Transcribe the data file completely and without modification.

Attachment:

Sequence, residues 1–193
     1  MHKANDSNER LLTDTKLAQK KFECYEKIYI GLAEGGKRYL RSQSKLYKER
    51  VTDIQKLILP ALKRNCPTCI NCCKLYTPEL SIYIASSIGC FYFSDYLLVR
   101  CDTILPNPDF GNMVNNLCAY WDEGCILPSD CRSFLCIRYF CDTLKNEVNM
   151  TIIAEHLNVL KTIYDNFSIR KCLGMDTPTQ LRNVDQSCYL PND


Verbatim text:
Sequence, residues 1–193
     1  MHKANDSNER LLTDTKLAQK KFECYEKIYI GLAEGGKRYL RSQSKLYKER
    51  VTDIQKLILP ALKRNCPTCI NCCKLYTPEL SIYIASSIGC FYFSDYLLVR
   101  CDTILPNPDF GNMVNNLCAY WDEGCILPSD CRSFLCIRYF CDTLKNEVNM
   151  TIIAEHLNVL KTIYDNFSIR KCLGMDTPTQ LRNVDQSCYL PND